Cervical cancer is one of the most common types of cancer found in women. However, it is also the most preventable and treatable type, if detected early. Most of the cases as noted above are caused by HPV; hence, an early detection can help your doctor monitor any abnormal change in the cervix cells. Regular pap and HPV tests are key to monitor those changes and prepare an appropriate strategy to treat it such as by removing the abnormal cells before they become cancerous.

Read more about screening tests in “Reducing cervical cancer, its screening and what should we know about it?”

Get vaccinated

The vaccine for HPV is generally recommended for ages 11-12 years (preteens), but can also be started at age 9. If not vaccinated already, it is also available for everyone through age 26. For someone in the age range of 27-45, one can get the vaccine by consulting the doctor and discussing some other risk factors related to HPV infection and the possible benefits of vaccination. This is because with increasing age, the strength of our immunity lessens. Hence, those above 15 usually have to take 3 full doses instead of just one or two.

Decoding the pros and cons of the HPV vaccine

We’ve just discussed some specifics of HPV infection and its risk factor being the highest for women to develop cervical cancer. Now, let’s discuss further about the HPV vaccine and its pros and cons.

The HPV shots are currently given in 2 or 3 muscle injections over a total period of 6 months according to age.

Pros of the HPV vaccine

  • First things first, the HPV vaccine is safe and effective to protect children and adults from HPV-related diseases.
  • Effective against the HPV types 16 and 18 (all 3 vaccines) which are considered as high-risk infections and can further lead to cervical, vulvar, or anal cancer.
  • Effective against HPV types 6 and 11 (only one type of vaccine) which are known to cause genital warts.
  • Early reports show effectiveness against throat cancer which is considered as an upcoming risk factor in women with HPV infection.

Cons of the HPV vaccine

  • Only selective protection and not against all HPV types.
  • Getting 2-3 shots in a 6-month period can be a difficult routine to remember and follow.
  • No protection against other sexually transmitted infections or HPV related infections.
  • May have a negative effect on fertility making it slightly difficult to conceive. babies.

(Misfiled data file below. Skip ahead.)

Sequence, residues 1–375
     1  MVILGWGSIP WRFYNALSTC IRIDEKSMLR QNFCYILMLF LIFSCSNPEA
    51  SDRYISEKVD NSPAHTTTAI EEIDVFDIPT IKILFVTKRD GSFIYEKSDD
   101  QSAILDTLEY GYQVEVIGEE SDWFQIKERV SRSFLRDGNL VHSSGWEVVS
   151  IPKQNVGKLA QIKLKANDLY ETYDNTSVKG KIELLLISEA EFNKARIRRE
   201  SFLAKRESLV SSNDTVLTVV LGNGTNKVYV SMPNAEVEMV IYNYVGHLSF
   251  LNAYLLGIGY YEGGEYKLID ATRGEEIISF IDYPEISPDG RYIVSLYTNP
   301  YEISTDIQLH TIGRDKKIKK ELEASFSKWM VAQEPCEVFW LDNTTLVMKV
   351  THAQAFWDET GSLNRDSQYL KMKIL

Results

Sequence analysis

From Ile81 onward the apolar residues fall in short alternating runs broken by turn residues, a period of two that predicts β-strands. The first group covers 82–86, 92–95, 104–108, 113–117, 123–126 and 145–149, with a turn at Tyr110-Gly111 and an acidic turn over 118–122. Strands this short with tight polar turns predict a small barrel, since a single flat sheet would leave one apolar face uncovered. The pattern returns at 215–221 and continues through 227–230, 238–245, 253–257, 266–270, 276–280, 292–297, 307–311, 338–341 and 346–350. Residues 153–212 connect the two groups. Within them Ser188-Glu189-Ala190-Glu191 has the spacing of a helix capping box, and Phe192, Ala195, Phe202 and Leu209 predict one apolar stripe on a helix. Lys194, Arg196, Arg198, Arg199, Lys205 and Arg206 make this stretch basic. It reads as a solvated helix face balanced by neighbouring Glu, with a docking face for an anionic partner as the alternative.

Read more on the Warning Signs of Cervical cancer You Should Not Ignore

Summary

It can therefore be said that awareness about HPV and the associated risk factors can go a long way in preventing the very deadly cervical cancer. All you need is to get that screening booked, and get your vaccine while you still can. After all, a cervical cancer screening test takes no more than 10 minutes!

References

Petry, K. U. (2014). HPV and cervical cancer. Scandinavian Journal of Clinical and Laboratory Investigation, 74(sup244), 59-62.

Cohen, P. A., Jhingran, A., Oaknin, A., & Denny, L. (2019). Cervical cancer. The Lancet, 393(10167), 169-182.

Perkins, R. B., Guido, R. S., Castle, P. E., Chelmow, D., Einstein, M. H., Garcia, F., … & Schiffman, M. (2020). 2019 ASCCP risk-based management consensus guidelines for abnormal cervical cancer screening tests and cancer precursors. Journal of lower genital tract disease, 24(2), 102

Harper, D. M., & DeMars, L. R. (2017). HPV vaccines–a review of the first decade. Gynecologic oncology, 146(1), 196-204.

Crow, J. M. (2012). HPV: The global burden. Nature, 488(7413), S2-S3.

Skorstengaard, M., Suhr, J., & Lynge, E. (2019). Condom use to enhance regression of cervical intraepithelial neoplasia: study protocol for a randomized controlled trial. Trials, 20(1), 1-7.

Jin, J. (2018). HPV infection and cancer. Jama, 319(10), 1058-1058.

Hamed, S. M., Ebrahim, S. A., & Ibrahim, H. M. THE EFFICACY OF CERVARIX VACCINE IN WART TREATMENT: UPDATED MANAGEMENT. Turkish Journal of Physiotherapy and Rehabilitation, 32, 3

Balasundaram, P., & Sakr, M. (2021). Understanding and Application of CDC Immunization Guidelines. StatPearls [Internet].